WASHINGTON, October 10, 2012- Farmers accelerated corn and soybean harvest further ahead of schedule, according to USDA’s Crop Progress report released Tuesday. As of last week, 69% of the nation’s corn acres are harvested, a full 41 points ahead of the five-year average and 40 points ahead of last year.

"Farmers understand how important of a role weather plays in determining the success of a crop," said National Corn Growers Association President Pam Johnson in an NCGA release. "While this summer's drought certainly took its toll, corn farmers are working tirelessly to get the crop out of field and into bins.”

Currently, 97% of the nation’s corn is mature, with a five-year average of 84%. 

Soybean harvest is also ahead of schedule, with 58% harvested, compared to 42% last year and a five-year average of 40%. 

USDA also reported 57% of the nation’s winter wheat is planted, while 23% has emerged. 

USDA reports scheduled for release this Thursday will provide more information on the size of crop supplies. The USDA World Agricultural Supply and Demand Estimate and the USDA Crop Production report are both scheduled for release tomorrow at 8:30 a.m. EDT.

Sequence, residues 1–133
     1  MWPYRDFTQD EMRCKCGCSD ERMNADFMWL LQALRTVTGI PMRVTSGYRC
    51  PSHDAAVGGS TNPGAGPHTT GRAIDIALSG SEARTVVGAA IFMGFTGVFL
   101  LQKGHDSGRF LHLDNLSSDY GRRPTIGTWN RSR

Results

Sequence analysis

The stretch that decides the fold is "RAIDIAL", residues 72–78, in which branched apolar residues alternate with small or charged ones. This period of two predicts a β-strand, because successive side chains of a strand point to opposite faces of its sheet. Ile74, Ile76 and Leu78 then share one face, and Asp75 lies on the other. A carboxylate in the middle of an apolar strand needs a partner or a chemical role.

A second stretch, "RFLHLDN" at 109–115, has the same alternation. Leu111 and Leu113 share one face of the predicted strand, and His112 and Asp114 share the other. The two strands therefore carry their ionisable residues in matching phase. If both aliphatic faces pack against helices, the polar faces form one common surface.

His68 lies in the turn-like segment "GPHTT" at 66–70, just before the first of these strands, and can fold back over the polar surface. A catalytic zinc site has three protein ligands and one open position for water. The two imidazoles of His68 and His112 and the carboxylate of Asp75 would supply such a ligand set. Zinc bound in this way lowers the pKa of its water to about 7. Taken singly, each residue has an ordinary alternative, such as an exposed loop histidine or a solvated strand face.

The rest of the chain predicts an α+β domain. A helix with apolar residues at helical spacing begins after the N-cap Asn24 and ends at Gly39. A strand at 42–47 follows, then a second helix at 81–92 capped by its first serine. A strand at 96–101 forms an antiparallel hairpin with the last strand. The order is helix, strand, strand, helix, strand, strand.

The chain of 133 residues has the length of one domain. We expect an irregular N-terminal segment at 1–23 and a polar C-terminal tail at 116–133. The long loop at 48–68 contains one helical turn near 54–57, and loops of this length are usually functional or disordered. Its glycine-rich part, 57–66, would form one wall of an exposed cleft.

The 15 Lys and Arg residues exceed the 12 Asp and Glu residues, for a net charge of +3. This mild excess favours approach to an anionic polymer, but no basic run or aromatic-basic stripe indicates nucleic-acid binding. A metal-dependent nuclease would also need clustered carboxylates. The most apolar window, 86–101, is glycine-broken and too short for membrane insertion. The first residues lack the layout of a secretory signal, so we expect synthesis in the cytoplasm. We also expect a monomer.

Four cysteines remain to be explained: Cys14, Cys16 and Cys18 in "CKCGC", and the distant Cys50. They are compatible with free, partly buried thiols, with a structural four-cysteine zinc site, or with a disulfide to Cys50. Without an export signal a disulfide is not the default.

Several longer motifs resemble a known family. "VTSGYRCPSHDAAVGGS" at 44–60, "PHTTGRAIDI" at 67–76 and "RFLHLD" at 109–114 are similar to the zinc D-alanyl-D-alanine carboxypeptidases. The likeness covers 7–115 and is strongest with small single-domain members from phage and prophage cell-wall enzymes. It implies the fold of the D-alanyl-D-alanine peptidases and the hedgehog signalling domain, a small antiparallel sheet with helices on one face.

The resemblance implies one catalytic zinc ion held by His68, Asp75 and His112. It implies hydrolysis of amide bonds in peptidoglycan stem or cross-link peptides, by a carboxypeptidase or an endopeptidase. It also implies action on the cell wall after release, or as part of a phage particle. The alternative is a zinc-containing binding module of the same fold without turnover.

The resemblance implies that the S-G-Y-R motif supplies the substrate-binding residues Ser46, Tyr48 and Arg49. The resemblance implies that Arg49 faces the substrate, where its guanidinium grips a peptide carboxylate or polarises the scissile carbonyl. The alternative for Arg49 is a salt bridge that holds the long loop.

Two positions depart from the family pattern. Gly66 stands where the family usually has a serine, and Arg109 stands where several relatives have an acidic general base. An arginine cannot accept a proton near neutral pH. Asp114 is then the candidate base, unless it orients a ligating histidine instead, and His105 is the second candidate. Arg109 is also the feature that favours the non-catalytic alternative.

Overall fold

"For months, we have asked that those interested in the corn supply practice patience and remain calm while we wait for an accurate accounting of the crop to emerge," said Johnson. "The vast majority of media coverage has relied upon preliminary data and projections to draw conclusions which may prove premature or inaccurate.”

“Resilient and persistent, farmers have pushed ahead steadily,” she added. “As they refuse to quit in the face of adversity, let's show our support for the industry which provides our country with the most abundant, affordable food supply in the world by passing legislation that will provide the risk management tools that allow them to continue doing so."

According to a blog posted Tuesday by University of Illinois Agricultural Economist Gary Schnitkey, yield losses caused by the drought indicate many farmers will receive large insurance payments if they purchased either RP or GRIP-HR insurance at high coverage levels.

“The size of these payments will be impacted by the harvest price,” he said. “Increases in harvest prices in 2012 are comparable in percentage terms to increases in 1988, a year in which a severe drought also occurred.”

To date, more than $2 billion in indemnity payments has been sent to farmers, according to the National Crop Insurance Services. The top five crops that suffered the most damage from the 2012 drought are corn, wheat, cotton, soybeans and pasture rangeland forage.  


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